November 26th 2010: André walks assuredly through Mexico City. This is not a place to walk by yourself in the streets. André is being protected on his left, right, in front and rear by security people. And of course, son Pierre, who -- as a vice president -- is always present. On this busy road with a lengthy pedestrian crossing, a very exciting, almost James Bond like atmosphere lingered, which I needed to capture. The traffic was stopped, this time by the clicking traffic lights. I only had a few seconds, ran along the group and pressed the button. Back in my hotel room I saw the results. A picture with an uncanny resemblance of the picture of Abbey Road. It was like a fluke. Something like this you cannot nor would you plan for. I think it is symbolically beautiful.
KING OF THE WALTZ.
Although André has been affectionately called "the King of the Waltz" in the vernacular, for André himself there is only one King and that is Johann Baptist Strauss Jr. The Viennese composer, who lived from 1825 to 1899 and composed more than 500 pieces of music. A few of his most famous works are: The Blue Danube, Emperor's Waltz, etc. and the Fledermaus and Gypsy Baron operettas.
Even though father Johann Strauss Sr. was a composer himself, he did not want his son to become a musician too. As a child Johann Jr. secretly studied violin. Among others, with Joseph Lanner, who at that time was his father's biggest rival. Brothers Joseph and Edward were also musically gifted, but Johann Jr. is by far the best known. Strauss made the waltz so popular that the genre of the ball room was lifted to the concert stage.
With his performances André Rieu honors Johann Strauss Jr.’s work, but does not want to be compared to the Grand Maestro. On these pages I wanted to place Strauss and André in the same pose. The Grand Maestro next to the Maestro. But Andre did not want to hear of it. According to him there is only one Strauss, standing very lonely at the top. I took this photo in Vienna where the statue of Johann Strauss Jr. is located.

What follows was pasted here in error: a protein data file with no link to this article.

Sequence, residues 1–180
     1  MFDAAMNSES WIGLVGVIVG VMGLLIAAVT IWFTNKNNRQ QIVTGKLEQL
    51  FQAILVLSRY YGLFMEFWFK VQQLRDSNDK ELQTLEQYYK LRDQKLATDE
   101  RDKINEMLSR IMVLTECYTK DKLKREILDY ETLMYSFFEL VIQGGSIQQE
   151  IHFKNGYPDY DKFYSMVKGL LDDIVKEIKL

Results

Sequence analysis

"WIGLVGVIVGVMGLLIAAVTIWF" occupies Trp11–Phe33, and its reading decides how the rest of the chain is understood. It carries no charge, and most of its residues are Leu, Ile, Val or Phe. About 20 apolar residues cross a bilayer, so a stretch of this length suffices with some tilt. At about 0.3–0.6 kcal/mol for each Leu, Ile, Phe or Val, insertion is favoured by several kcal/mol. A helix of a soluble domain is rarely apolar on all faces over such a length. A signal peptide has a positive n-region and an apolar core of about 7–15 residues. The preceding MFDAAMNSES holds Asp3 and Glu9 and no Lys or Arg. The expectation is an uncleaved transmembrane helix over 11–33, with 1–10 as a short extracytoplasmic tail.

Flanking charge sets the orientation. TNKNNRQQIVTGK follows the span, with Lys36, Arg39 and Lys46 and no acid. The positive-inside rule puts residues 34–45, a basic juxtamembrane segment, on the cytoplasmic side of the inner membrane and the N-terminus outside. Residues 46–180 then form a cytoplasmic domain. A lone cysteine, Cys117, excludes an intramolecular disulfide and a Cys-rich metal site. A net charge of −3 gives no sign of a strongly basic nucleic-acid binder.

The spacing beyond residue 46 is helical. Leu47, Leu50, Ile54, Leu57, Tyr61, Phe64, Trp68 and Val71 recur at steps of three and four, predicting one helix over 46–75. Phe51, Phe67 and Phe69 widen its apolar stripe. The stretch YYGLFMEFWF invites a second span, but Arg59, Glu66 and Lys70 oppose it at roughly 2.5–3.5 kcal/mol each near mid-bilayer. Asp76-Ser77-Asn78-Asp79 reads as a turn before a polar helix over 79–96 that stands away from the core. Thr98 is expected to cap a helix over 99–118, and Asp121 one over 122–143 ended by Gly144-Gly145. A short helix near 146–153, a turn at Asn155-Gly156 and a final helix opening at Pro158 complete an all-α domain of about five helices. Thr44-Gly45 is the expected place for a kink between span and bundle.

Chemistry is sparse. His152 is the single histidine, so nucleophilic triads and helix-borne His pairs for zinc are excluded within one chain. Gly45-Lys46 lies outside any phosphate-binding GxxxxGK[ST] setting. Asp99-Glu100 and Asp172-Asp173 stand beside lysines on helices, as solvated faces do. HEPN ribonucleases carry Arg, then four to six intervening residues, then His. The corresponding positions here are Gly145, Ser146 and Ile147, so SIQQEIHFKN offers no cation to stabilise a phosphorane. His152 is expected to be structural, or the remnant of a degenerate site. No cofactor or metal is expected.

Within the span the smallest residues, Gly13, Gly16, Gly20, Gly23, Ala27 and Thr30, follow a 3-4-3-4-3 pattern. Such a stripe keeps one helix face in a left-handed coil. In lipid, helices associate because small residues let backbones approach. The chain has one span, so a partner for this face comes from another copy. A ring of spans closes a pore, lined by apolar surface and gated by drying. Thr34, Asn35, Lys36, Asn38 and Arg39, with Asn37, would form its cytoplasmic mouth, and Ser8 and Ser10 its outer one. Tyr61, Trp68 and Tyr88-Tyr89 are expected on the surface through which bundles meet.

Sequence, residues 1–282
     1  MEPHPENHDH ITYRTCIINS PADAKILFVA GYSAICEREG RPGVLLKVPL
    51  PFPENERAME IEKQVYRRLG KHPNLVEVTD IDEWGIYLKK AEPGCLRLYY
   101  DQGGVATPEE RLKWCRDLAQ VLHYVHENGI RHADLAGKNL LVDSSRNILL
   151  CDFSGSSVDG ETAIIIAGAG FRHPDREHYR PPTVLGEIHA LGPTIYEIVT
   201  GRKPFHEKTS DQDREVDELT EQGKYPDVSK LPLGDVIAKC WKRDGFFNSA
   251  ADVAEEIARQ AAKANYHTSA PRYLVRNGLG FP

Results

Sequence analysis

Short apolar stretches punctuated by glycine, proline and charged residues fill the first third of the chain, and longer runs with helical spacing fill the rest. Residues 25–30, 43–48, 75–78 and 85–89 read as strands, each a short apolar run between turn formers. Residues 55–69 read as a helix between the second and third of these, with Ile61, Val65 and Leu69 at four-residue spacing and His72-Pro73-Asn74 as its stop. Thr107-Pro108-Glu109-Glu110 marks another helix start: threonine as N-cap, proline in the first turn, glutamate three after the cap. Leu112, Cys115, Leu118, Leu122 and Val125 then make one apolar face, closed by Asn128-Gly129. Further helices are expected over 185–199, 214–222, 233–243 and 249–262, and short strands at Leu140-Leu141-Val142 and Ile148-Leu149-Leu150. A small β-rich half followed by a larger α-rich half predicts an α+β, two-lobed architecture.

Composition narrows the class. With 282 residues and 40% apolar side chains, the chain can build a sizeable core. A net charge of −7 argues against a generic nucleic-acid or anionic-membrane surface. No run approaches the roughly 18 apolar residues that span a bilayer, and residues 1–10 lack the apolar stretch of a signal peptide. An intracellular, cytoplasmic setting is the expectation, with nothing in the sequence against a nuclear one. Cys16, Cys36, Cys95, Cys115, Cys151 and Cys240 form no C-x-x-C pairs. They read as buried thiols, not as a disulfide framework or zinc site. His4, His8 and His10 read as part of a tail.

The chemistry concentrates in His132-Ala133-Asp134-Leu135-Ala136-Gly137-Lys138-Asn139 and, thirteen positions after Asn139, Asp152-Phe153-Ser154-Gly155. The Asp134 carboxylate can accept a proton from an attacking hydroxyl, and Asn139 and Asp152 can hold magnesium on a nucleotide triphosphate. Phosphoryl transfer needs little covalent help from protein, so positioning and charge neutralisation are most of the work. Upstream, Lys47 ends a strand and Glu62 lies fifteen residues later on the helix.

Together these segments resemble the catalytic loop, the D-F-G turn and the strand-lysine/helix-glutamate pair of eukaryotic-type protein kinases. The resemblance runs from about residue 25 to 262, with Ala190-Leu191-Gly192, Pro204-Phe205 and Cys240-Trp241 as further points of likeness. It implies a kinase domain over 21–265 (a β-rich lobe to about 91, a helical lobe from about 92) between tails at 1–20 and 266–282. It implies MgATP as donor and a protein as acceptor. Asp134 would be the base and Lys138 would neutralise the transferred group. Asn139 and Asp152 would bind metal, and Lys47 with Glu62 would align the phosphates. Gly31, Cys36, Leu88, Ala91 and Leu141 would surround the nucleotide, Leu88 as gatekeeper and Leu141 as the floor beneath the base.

When you are one of the world's best selling artists, you are in the spotlight all the time. Somewhere, there is always a camera, a photographer, a camera crew….. and of course the fans. That makes for surprising pictures. Also during the concerts, just like here. At the beginning of the concert, André enters the hall from the rear and walks along the audience to the stage. In every country the audience reacts differently. But it invariably leads to a standing ovation. From the very beginning a goose bumps moment. Result: the distance between the show master and his audience disappeared. He is allowing himself to become one of them!
What happened in Mexico went beyond imagination. The enthusiasm there is unmatchable. The Mexicans are so passionate, so emotional, so concerned, that a cacophony of sound filled the hall as soon as André cautiously peeked through the door to have a look at the hall. I took this picture just as he and his orchestra were walking through the audience, on their way to the stage. Everywhere cameras flashed, hands went up high, and those attending attempted to even come closer. Seriously, I was becoming a bit nervous by all that! He walked there with his priceless Stradivarius! What if???? Like nothing at all! The respect that the Mexicans have for him showed in their behavior. They wanted to be close to their hero, but as soon as he came near, they let him through. This is André, the way the audience loves to see him.